Beginning tomorrow, Mary H. Plummer Elementary School in Southeast Washington will join an elite group of eight elementary schools in the District that have their own honor societies.
Thirty proud students are scheduled for induction into the school's new achievement program.
Modeled after the national junior and senior high school honor societies, the small club is designed to emphasize academic achievement and service, as well as provide students with an opportunity to take field trips.
"We want to underline the importance of academic achievement at Plummer," Lynette Byrom, chairwoman of the honor society, explained.
Byrom said students with gradepoint averages of B or higher, who have demonstrated leadership ability, good character, service and citizenship, were selected by a school faculty committee for the school's honor society.
The program comes at a time when the public school system has begun to focus on successful students, after years of concentrating on poor student achievement and declining test scores.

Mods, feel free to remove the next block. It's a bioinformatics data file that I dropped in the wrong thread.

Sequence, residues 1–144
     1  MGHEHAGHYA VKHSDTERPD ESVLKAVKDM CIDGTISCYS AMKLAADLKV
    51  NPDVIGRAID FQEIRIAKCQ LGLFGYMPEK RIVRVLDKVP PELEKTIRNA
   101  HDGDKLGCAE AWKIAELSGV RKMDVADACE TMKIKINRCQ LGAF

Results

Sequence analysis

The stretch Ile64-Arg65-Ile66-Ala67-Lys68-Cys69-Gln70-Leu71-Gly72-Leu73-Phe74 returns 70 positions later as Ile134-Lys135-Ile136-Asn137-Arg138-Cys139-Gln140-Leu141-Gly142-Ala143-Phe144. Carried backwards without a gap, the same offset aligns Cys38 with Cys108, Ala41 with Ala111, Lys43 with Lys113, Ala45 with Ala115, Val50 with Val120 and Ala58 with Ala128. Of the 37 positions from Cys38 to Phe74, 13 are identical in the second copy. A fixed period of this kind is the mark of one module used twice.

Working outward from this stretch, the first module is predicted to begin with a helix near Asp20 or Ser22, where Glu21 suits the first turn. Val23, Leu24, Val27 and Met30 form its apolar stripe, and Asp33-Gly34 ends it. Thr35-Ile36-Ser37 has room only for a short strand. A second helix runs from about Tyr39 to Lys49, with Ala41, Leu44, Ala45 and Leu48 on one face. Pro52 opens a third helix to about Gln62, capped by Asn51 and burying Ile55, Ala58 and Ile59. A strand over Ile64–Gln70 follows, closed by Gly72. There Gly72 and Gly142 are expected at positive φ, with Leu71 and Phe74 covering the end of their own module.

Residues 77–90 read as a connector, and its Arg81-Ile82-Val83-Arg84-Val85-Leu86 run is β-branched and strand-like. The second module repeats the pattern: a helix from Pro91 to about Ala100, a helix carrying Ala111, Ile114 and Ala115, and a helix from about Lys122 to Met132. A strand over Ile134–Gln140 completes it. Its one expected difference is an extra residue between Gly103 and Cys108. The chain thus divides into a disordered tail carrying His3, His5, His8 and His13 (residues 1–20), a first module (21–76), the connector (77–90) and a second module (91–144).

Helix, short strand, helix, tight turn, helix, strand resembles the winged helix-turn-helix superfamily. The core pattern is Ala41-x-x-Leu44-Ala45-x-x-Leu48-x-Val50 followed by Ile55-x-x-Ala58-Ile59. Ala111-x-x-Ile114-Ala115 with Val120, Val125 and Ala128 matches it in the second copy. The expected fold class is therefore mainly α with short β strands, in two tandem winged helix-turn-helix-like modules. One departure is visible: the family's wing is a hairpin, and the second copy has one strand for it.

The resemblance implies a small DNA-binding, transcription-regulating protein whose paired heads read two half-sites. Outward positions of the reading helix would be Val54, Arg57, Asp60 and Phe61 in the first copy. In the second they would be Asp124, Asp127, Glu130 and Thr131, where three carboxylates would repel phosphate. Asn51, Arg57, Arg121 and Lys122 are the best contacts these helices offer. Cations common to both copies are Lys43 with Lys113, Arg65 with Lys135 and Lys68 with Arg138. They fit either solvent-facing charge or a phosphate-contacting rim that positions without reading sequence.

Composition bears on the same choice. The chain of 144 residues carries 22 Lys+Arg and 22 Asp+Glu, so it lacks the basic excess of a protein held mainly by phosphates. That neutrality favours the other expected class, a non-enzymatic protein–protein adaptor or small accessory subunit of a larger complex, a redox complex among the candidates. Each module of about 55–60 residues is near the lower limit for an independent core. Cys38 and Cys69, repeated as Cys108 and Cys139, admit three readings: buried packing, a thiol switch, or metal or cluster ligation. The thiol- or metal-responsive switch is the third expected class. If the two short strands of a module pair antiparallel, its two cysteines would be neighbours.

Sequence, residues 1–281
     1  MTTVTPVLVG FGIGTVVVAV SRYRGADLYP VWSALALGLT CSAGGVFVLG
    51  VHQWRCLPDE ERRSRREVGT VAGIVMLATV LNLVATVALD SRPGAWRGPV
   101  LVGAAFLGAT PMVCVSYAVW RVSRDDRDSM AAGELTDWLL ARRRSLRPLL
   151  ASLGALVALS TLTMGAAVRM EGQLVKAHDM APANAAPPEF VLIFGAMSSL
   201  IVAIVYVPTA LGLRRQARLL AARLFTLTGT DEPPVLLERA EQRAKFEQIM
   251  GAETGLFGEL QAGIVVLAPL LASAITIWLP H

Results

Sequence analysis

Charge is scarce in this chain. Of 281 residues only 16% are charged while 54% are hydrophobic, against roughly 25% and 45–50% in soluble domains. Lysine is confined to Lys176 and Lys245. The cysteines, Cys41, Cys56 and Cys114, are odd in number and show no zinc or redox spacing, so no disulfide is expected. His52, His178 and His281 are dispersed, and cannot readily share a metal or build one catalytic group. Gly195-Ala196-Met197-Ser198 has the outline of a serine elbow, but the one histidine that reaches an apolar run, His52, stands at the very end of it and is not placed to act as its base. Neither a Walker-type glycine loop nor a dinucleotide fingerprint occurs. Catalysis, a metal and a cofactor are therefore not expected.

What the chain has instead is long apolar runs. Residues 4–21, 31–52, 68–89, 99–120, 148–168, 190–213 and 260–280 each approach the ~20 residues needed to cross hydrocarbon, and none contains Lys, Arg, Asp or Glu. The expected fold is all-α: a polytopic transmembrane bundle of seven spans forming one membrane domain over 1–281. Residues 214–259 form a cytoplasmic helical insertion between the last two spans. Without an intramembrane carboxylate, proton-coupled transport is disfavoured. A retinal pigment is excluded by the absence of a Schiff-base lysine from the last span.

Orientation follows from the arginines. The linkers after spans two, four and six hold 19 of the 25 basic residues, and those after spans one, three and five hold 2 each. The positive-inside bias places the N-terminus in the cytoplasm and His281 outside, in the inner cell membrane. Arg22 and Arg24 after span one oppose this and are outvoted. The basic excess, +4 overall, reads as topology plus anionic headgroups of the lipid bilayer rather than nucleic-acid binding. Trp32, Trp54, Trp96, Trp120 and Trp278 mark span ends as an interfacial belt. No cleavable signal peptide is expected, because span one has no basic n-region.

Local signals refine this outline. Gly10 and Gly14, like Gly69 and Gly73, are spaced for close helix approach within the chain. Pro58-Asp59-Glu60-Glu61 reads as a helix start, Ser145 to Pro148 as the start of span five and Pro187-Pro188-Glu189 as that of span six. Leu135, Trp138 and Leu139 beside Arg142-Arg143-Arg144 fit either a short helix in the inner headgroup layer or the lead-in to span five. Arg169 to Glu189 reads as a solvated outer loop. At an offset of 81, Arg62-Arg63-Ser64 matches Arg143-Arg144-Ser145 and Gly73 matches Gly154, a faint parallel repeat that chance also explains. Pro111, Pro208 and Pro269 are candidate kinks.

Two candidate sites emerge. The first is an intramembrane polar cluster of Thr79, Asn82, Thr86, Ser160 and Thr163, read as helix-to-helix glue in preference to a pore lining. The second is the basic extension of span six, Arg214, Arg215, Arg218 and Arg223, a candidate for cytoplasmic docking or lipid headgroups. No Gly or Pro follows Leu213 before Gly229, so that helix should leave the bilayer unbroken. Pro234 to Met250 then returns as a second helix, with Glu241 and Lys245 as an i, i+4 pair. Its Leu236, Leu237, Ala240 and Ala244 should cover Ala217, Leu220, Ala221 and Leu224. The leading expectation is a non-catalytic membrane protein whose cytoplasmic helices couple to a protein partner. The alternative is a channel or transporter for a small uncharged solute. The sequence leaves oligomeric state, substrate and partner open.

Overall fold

Earlier this week in the school's auditorium, as other students sat pushing and shoving each other, the 30 honorees stood quietly in the back of the hall, preparing to march on stage, during practive for tomorrow's induction.
On stage, sixth grader Christina Simmons, 11, said becoming part of the honor society and getting good grades help in the long run, when it comes to getting a job: "Whatever job you get, you have to be good at it. That's why you should get a good education."
Another student, Arthur Clark, 11, a fifth grader, said the honor society is important to him simply because, "It will make me popular."
The honor society, according to school principal Ellsworth M. Mitchell, is the school's effort to recognize achievers after years of virtually ignoring them.
"We have been working so long with underachievers and average students that we have often overlooked students who do well," he said.
Mitchell said the 30 students, out of Plummer's enrollment of 457, will be inducted during the special assembly into the school's honor society by National Junior Honor Society students from Souza Junior High.
Plummer, at Texas Avenue and C streets SE, and four other of the District's 130 public elementary schools have their own honor societies, Mitchell said. Kimball, Draper and Stanton elementaries in Southeast and Noyes in Northeast are the others.
The other honor societies are in schools which include seventh and eighth grades and are part of the National Junior Honor Society. These schools are Brent and Winston elementaries in Southeast, and West Farragut Elementary in Northwest. Giddings Elementary in Southeast is planning to start a society later this year.